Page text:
This is probably the most common support question we see both on Packagist.org and on Private Packagist: A Composer user tags a new library version but they cannot install it because it won’t show up on Packagist.
Packagist will not list versions and branches containing invalid composer.json files because Composer users will not be able to install these versions. If this happened to a package you maintain, tag a new release with a fixed composer.json. Don’t edit or replace the existing git tag because many tools and services have caches that expect tags to never change.
If you run into this problem and you aren’t sure what’s wrong then there a few things you can do to figure out what’s going on:
Run “composer validate” in your project
The validate command will analyze your composer.json file and list errors as well as warnings and recommendations for publishing your package. You’ll be able to spot JSON syntax errors, but also issues with the contents of your package definition. The output of this command could look like the following example:
~/projects/private-test2$ composer.phar validate` ./composer.json is valid for simple usage with composer but has strict errors that make it unable to be published as a package: See https://getcomposer.org/doc/04-schema.md for details on the schema description : The property description is required Name "seld/PRivate-test2" does not match the best practice (e.g. lower-cased/with-dashes). We suggest using "seld/p-rivate-test2" instead. As such you will not be able to submit it to Packagist. The version field is present, it is recommended to leave it out if the package is published on Packagist.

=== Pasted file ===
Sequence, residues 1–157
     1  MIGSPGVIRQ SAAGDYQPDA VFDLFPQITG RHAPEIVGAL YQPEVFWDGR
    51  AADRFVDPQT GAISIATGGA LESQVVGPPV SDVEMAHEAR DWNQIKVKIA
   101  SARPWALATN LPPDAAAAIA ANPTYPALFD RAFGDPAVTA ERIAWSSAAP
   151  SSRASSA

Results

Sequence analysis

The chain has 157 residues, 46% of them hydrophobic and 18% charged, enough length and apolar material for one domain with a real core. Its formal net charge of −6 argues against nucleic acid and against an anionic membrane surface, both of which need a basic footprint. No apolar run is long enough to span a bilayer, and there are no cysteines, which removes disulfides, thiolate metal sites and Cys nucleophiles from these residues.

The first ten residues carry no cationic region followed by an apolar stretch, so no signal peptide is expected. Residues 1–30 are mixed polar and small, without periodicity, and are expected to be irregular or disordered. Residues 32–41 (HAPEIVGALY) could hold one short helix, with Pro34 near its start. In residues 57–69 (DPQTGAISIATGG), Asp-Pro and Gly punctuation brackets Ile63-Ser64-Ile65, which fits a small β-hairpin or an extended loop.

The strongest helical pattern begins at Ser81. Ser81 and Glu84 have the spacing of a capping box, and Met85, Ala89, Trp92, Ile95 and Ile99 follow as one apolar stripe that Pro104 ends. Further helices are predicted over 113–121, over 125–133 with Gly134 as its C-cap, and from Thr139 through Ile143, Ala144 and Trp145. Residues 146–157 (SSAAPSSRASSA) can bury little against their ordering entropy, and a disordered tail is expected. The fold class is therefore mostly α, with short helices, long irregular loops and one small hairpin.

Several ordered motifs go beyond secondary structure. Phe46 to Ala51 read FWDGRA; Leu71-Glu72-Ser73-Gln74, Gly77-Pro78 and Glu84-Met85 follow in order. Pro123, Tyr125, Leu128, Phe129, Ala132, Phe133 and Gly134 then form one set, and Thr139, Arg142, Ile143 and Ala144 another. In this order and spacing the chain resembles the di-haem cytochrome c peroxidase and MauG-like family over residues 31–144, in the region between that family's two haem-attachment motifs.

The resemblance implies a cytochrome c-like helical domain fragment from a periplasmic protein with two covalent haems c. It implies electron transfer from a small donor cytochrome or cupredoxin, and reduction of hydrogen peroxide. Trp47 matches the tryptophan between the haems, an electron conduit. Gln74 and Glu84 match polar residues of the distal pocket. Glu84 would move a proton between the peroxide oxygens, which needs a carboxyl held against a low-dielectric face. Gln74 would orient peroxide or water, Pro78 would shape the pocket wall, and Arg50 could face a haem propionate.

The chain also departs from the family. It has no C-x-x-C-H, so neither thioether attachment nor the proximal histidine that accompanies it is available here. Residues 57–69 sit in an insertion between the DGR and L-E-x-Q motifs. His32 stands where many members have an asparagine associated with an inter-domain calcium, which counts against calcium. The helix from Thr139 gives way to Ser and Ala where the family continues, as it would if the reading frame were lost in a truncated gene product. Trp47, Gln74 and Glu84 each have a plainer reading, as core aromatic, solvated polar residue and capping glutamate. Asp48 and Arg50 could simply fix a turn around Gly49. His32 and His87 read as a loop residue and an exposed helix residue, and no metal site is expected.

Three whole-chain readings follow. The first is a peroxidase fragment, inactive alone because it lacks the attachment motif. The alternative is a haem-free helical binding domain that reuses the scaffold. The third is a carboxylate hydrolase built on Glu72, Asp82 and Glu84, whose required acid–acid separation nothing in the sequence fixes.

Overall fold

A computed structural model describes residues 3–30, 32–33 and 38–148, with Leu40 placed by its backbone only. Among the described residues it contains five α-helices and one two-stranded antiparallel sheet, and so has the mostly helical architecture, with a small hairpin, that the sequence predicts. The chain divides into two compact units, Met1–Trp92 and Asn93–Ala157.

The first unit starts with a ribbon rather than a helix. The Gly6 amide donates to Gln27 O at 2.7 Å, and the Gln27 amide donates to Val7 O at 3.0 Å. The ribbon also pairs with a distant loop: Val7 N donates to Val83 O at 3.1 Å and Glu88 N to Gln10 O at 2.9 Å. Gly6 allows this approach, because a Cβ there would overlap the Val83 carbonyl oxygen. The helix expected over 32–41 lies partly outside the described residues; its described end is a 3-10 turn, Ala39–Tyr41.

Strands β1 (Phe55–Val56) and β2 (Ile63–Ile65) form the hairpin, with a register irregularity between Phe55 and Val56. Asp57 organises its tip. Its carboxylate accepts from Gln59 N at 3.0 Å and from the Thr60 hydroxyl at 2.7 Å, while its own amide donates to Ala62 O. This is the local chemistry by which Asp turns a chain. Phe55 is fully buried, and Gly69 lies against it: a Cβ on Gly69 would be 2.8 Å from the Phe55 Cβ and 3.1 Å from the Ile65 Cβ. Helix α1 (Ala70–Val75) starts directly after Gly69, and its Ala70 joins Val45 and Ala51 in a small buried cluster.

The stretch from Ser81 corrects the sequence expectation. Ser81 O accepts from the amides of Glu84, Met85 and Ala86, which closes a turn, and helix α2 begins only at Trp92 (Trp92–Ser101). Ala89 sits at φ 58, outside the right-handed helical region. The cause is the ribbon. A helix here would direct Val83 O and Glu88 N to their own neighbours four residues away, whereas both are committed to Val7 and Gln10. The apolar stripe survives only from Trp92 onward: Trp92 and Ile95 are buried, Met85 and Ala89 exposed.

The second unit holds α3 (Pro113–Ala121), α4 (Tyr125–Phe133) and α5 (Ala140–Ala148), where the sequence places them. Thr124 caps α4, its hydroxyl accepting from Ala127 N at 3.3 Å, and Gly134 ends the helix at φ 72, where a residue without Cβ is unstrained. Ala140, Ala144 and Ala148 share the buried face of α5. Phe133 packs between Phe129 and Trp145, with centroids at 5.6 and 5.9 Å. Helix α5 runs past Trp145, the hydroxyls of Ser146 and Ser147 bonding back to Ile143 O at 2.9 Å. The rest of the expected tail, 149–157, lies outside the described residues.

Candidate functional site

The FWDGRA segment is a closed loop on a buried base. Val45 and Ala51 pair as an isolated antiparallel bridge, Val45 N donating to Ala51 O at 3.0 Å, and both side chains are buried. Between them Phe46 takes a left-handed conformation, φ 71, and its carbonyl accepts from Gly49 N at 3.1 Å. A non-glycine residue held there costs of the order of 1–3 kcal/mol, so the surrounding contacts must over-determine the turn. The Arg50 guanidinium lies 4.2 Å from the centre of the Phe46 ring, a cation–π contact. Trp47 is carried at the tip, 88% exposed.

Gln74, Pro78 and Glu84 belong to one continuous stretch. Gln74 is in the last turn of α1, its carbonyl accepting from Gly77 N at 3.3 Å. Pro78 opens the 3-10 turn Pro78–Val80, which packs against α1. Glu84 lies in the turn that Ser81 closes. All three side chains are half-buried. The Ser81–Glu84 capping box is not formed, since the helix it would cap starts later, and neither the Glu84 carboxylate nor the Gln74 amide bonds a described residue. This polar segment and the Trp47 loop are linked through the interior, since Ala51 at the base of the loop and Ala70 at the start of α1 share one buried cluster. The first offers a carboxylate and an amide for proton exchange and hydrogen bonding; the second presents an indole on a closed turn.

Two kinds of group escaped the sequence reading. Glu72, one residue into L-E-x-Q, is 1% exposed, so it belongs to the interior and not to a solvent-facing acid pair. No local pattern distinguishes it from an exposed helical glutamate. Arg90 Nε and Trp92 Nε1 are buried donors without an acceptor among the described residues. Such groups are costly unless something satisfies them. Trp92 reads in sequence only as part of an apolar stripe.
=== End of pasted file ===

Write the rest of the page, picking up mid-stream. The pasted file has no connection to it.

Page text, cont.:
Check the Update Log
Private Packagist has a link to a package’s update log on the view package page.
The update log will highlight any errors or warnings encountered while updating the package information.
Delete the version attribute from composer.json
Both of the previous examples show you the most common reason for missing releases: A package containing a hardcoded version number in the JSON file which does not match the git tag.
Usually the version attribute gets added to a composer.json early on in a project and everything works fine. But sooner or later someone tags a new release and forgets to increment the version number in composer.json. When Composer now looks at the Git repository it cannot tell whether the tag (1.3.0 in my example) or the version attribute in composer.json (1.2.0 in my example) is the right number. Either option may lead to problems down the road so Composer entirely ignores the broken tag.
The fix is quite simple, delete the version attribute from your composer.json. Composer has great integration with version control systems like Git, Mercurial and Subversion and there is no need to manually track version numbers in a text file for Composer at all. The field really only exists for special situations where a version control system is not in use.